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In cases of group 1, three swabs were obtained during the operations and before abdominal wall closure. Twelve patients (60% were positive in the first swab, whereas 50% were positive in the second swab; only two cases (10% remained positive in the third swab. One of them was positive for Escherichia coli and the other was positive for pseudomonas. However, in group 2, only one swab only was obtained after abdominal lavage with saline and the results show that 45% of cases still had positive swab after normal saline lavage [Table 4].
All patients received intraoperative parental dose of third-generation cephalosporin. Postoperatively, six cases in group 1 (30% had fever and two cases (10% had ileus. In group 2, eight cases (40% had fever and ileus was present in nine cases (45%. There was a significant difference in the results as regards postoperative ileus between the two groups. Burst abdomen was present in three cases in group 2 but did not occur in group 1. Differences between the two groups were nonsignificant as regards postoperative fever and presence of burst abdomen postoperatively [Table 5].
|Table 5: Comparison between the two studied groups according to different studied parameters|
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According to the results of the two groups, there was a significant difference in the results between the two groups as regards the presence of postoperative wound sepsis. Ten cases of wound sepsis were diagnosed during the time of follow-up of the patients, one case (5% in group 1 and nine cases (45% in group 2. Wound sepsis was diagnosed during the regular follow-up of the patients mainly by means of clinical diagnosis and confirmed by means of ultrasound and culture and sensitivity tests. Isolated organisms were mainly gram negative in both groups. In group 1, the only isolated organism was Pseudomonas, one of the two cases with positive swab 2. In group 2, three cases were diagnosed with E. coli and two cases for each of Pseudomonas, Klebsiella, and Enterobacter. Intraoperative abscess was diagnosed in three cases, two of them in group 2 and the remaining one in group 1. It was diagnosed after clinical suspicion using ultrasound and abdominal computed tomography. There was no significant difference between the two groups as regards the presence of intra-abdominal abscess [Table 6].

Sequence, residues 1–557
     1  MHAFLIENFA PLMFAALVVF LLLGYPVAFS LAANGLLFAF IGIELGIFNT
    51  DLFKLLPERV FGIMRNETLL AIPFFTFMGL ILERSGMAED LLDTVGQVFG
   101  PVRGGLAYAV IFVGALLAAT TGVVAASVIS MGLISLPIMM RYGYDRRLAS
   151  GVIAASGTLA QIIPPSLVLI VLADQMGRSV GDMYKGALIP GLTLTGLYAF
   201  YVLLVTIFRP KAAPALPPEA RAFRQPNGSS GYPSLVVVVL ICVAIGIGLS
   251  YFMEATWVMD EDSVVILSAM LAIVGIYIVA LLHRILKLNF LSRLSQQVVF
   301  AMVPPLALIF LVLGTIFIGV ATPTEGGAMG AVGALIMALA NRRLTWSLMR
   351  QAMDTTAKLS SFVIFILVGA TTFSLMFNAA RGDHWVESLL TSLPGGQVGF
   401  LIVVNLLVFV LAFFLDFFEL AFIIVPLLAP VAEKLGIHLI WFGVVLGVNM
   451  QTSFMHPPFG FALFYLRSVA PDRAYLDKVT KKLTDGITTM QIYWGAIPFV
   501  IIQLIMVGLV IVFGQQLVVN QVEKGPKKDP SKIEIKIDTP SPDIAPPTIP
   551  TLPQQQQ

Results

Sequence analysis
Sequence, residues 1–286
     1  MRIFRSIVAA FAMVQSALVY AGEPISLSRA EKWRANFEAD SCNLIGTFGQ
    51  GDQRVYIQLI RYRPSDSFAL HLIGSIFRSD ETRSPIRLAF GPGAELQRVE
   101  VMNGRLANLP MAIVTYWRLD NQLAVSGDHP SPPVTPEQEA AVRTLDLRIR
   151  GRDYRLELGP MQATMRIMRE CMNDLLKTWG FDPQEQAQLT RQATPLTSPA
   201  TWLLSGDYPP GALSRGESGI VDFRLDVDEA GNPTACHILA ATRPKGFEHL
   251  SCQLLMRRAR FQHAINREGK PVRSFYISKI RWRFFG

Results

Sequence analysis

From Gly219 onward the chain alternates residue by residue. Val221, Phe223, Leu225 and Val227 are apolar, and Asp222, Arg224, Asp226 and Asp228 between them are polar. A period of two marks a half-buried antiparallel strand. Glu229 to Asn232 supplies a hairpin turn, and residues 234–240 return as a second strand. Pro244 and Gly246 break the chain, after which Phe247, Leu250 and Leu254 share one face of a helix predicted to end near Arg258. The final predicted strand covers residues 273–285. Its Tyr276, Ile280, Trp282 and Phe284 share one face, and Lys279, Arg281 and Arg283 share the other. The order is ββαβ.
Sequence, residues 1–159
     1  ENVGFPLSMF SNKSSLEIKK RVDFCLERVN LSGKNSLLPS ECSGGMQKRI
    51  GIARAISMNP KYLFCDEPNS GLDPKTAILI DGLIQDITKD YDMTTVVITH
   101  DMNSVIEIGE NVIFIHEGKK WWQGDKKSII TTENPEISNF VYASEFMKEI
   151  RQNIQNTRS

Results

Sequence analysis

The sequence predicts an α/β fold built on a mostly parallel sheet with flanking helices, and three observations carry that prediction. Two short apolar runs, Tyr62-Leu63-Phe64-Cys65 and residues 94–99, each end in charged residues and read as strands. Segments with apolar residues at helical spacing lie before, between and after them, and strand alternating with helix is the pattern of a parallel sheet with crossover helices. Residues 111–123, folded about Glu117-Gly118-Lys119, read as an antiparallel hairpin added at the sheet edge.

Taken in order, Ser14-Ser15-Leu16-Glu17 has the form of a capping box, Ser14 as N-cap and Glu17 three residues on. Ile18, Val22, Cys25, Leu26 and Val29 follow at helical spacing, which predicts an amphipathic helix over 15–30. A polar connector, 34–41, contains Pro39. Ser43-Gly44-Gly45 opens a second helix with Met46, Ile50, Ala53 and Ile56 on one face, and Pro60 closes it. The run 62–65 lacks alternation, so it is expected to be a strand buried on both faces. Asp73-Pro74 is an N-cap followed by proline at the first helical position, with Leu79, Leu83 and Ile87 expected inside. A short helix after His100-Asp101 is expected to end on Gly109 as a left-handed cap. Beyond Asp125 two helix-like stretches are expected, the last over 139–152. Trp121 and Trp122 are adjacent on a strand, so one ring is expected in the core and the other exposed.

|Table 6: Comparison between the two studied groups according to wound sepsis, intra-abdominal abscess and isolated organism|
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In group 1, the median duration of hospital stay was 5.8 days (range = 5–24 days. In group 2, the median duration was 7 days (range = 5–24 days. There was a significant difference between the two groups as regards the hospital stay duration, as demonstrated in [Table 7].
|Table 7: Comparison between the two studied groups according to hospital stay|
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| Discussion|| |
The concept of lavaging a contaminated or infected peritoneal cavity makes good sense intuitively. However, because microbes adhere to mesothelial cells, it is very difficult to wash them off the peritoneal surface. During fecal contamination of the peritoneal cavity, it has been demonstrated that bacteria that adhered to the mesothelium were resistant to intraperitoneal lavage, resulting in only transitory reductions of bacterial populations .
This affirmation is supported in our study by our finding that there were significant differences in the cultures of the samples obtained before and after the irrigation with the antibiotic solution. This finding confirms that peritoneal irrigation with lincomycin–gentamycin solution is sufficient to decrease all fecal contaminations produced during the surgical act to the minimum. The results obtained after antibiotic lavage defend the hypothesis that the topical effect of the antibiotics could completely inhibit the growth of bacteria in the peritoneum, even when microorganisms have adhered to the mesothelial cells. Diverse antimicrobial drugs have been used in different studies, most of which were peritonitis cases. Some authors have presented similar mortality and intra-abdominal infection rates compared with normal saline irrigation .